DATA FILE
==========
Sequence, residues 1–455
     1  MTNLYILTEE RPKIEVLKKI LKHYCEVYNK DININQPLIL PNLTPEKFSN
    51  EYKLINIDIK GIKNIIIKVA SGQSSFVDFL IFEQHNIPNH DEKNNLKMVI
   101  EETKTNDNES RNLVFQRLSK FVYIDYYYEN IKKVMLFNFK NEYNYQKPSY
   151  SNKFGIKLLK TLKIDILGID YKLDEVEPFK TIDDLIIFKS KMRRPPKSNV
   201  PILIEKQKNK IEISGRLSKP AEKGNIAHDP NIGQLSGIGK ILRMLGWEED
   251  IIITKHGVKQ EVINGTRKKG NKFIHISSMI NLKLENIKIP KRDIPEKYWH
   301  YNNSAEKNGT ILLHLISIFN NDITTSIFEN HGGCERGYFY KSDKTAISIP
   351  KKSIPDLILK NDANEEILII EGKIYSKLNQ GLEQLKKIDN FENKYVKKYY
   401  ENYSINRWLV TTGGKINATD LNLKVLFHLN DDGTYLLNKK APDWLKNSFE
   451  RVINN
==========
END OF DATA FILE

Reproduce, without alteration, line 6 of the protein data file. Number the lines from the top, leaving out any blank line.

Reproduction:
   201  PILIEKQKNK IEISGRLSKP AEKGNIAHDP NIGQLSGIGK ILRMLGWEED